Thanks to a remarkable comeback in April, equity markets have partly offset the collapse that took place as a result of the COVID-19 pandemic. 

In recent discussions of the impact of the outbreak on financial markets, several institutional investors have pointed out how the rebound could seem unjustified. 

The prospects for global economic growth are gloomy, as governments have sought to tackle the pandemic by entirely locking down. The slowdown in economic activity has filtered through to corporate earnings forecasts, which have been revised downwards. 

However, by certain key measures, equity markets seem to be assuming the downturn is not as great as the economic data suggests. As of the end of April, the price-to-earnings ratio of the S&P 500 was about 20. European indices such as the FTSE 100 and the DAX were trading at only slightly lower multiples. 

This is not the first time financial markets appear disconnected from the real economy. It could be argued they have been disconnected for most of the past decade. Governments and central banks provided massive fiscal and monetary stimulus in response to the 2008-09 financial crisis, which distorted asset prices, and never really turned off the money tap. 

The scale of the stimulus has dwarfed that during the last global financial crisis. The International Monetary Fund (IMF) pointed out that central banks are planning to expand liquidity provision to at least $6trn (€5.5trn) and are prepared to do more if necessary. By comparison, the US government mobilised $2trn from the first signs until the end of the last crisis.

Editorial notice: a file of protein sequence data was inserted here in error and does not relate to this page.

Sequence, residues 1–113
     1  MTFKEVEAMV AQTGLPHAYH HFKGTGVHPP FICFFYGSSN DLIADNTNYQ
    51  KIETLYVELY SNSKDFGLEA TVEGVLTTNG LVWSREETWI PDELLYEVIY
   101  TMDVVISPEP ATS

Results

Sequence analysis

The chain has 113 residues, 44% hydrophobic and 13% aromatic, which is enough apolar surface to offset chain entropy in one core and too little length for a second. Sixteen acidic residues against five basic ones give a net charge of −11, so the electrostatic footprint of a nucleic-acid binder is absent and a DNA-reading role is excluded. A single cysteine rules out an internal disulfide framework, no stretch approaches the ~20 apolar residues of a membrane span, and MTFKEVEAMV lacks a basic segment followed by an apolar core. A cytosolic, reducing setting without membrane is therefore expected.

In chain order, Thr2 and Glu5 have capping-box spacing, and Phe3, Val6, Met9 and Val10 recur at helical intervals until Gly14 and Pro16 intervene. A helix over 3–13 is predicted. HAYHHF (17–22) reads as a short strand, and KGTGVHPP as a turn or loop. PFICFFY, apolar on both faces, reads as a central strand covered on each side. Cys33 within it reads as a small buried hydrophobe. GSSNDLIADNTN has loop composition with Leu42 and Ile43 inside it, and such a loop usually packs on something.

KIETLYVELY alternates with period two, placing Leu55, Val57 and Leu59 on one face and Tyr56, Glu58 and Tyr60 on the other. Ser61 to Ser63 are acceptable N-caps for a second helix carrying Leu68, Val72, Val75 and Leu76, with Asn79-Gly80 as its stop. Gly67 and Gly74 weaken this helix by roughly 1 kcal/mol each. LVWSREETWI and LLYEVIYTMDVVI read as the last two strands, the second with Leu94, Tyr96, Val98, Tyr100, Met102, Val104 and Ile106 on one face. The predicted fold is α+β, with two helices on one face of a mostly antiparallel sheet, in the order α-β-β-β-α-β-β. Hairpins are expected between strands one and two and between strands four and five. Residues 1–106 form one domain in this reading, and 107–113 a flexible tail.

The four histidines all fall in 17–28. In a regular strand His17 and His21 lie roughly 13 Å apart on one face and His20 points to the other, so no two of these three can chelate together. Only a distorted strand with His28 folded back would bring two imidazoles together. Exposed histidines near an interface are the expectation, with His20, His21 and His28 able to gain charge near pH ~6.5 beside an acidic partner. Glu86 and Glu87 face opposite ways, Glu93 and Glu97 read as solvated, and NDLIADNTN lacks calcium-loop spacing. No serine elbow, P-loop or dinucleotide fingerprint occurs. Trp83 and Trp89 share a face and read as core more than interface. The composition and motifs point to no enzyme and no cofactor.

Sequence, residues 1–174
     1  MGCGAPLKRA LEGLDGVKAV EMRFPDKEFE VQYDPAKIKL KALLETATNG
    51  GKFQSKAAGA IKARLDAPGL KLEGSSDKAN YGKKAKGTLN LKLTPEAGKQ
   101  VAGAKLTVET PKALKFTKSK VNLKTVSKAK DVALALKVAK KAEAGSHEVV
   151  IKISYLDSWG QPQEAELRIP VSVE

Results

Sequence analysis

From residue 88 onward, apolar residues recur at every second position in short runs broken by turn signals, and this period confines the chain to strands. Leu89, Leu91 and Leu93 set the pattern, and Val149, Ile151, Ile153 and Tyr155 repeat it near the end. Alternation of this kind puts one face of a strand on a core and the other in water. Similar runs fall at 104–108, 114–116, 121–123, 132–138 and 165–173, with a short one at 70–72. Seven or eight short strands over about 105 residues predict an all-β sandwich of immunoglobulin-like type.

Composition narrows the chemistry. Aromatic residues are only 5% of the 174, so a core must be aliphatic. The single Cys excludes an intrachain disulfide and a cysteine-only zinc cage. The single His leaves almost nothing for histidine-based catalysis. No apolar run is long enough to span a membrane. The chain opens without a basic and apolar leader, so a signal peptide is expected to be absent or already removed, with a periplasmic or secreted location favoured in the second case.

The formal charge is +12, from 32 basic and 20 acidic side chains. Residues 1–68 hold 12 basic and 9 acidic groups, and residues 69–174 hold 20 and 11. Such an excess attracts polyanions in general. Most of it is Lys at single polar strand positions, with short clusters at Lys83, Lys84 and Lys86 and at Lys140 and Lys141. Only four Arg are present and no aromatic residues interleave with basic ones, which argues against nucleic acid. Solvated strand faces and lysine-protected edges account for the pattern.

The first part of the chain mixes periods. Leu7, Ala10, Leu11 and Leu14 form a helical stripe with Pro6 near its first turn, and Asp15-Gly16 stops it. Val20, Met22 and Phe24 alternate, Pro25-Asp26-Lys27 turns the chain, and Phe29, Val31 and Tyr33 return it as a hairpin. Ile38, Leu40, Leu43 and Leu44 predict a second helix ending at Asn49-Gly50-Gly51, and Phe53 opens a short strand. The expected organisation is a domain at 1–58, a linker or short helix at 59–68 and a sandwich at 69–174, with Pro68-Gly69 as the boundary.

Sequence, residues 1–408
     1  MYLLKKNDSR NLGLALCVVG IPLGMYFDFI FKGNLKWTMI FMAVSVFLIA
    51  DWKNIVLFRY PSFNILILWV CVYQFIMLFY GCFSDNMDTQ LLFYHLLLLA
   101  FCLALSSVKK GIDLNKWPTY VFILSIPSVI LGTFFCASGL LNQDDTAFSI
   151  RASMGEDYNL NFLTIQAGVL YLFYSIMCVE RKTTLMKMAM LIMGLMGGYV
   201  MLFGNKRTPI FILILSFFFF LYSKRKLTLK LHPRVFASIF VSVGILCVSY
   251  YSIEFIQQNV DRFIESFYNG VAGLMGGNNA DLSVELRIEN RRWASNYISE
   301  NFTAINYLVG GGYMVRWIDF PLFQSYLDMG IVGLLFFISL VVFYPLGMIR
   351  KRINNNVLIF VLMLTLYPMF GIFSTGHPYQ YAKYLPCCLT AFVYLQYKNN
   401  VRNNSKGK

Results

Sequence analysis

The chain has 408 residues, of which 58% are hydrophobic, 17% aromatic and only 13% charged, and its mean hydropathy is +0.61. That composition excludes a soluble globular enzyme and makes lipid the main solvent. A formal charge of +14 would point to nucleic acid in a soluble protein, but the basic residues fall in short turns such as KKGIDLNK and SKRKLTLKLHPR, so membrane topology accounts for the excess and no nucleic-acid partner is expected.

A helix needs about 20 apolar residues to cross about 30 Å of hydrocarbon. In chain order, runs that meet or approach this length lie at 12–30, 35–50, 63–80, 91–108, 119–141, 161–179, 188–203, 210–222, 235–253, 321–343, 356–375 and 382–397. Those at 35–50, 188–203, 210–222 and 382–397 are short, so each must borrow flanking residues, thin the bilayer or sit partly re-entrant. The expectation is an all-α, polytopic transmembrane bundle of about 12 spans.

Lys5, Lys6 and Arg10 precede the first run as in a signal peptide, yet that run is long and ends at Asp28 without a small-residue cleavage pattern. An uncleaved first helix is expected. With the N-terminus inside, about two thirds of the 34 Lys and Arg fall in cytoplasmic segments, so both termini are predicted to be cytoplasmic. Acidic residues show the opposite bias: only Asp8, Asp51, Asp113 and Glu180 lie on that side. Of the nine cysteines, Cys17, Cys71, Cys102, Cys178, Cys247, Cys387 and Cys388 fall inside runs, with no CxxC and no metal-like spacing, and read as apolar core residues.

While central banks provide liquidity, governments are focusing on extending loans to businesses, to cover cashflows and avoid bankruptcies. It might work as a temporary measure but it does not stimulate economic growth in the long term. 

Market disconnects have widened

The situation suggests that the worst for financial markets may be yet to come. Once more clarity is reached on the actual economic impact of national lockdown measures on the global economy, asset prices are likely to suffer further. 

Volatility in equity markets is set to persist. But the questions hanging over institutional investors is whether corporate defaults will affect credit markets, creating a systemic crisis as funds become forced sellers of assets. The IMF has, once again, warned that this may be the case in the first chapter of its Global Financial Stability Report released in April. 

This time, the disconnect between financial markets and the economy seems particularly wide. 

Carlo Svaluto Moreolo, Senior Staff Writer

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